StromTrooper banner

1 - 20 of 29 Posts

·
Registered
Joined
·
541 Posts
Discussion Starter #1 (Edited)
Hi All,

I plan to buy a Cobra GMRS radio for communicating with others (riding buddy, wife in car, pillion(?)) while I am riding. I picked this one:
http://radioworld.ca/product_info.php?products_id=4841

I like the range, the fact that is water resistant and the 11 hours of battery life.

Does anybody have experience with this particular piece?
Should I buy a different model?
What headset is the best suited for riding that attaches to this radio?
How would you carry it? Mounted on the bike or in your pocket?

Thanks for the input in advance!

Attila
 

·
Registered
Joined
·
962 Posts
Hi Atila,
I haven't heard of that particular model when I was searching a few months back, and I read through many long ADV threads about radios. I spent more time than I'd rather admit.

One can easily get caught in info overload... The higher end kenwoods seen to be the most used on various sites. (I also visited the ST and FJR sites as well). But they are a couple hundred a piece.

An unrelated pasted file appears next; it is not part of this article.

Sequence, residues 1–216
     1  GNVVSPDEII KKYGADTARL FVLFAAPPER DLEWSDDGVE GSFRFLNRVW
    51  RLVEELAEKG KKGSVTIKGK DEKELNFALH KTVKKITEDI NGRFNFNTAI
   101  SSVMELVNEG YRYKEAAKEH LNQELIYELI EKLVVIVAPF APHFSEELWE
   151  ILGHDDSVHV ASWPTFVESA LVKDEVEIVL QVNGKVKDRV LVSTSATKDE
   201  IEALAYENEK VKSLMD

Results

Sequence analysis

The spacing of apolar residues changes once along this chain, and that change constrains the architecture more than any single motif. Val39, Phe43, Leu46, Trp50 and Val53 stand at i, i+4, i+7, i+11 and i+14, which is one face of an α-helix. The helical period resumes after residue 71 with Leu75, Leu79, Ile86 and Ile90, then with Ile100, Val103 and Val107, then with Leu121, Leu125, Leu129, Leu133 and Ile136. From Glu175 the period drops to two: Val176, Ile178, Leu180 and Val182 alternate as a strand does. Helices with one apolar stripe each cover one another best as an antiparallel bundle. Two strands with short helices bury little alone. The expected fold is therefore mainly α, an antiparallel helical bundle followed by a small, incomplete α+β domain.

Even within the same models, folks will have very different opinions on them.

I've used a few different sets with the kids camping over the years and I have a single kenwood TK3131 for bike to bike. I use autocom for pillion and music through it. and the radio is plugged into it for bike to bike. The autocom headset is fantastic.

Find a price that's reasonable for you, weather resistance is a good feature, 1-4km is likely the usable range, not the 45km BS.

I looked at the link you gave and they have lithium batteries and no charge port. If going the lithium route make sure they can also use double or triple A's etc.
I have a set of Cobra micro talks that the batteries packed it in. I can't put regular batteries in them so I have 2 nice, (were) great working radios that are useless cause replacement lithium batteries cost more than the radios did 5 yrs ago.
I'd also recommend radios with a usb charge port so you can plug it into the bike and not worry about batteries at all.

I'm looking at a couple different sets at Canadian Tire, but waiting for them to go on sale. Backup for the bike and good for regular out and about with the wife and kids.

Your entering a whole different world when talking motorcycle communications.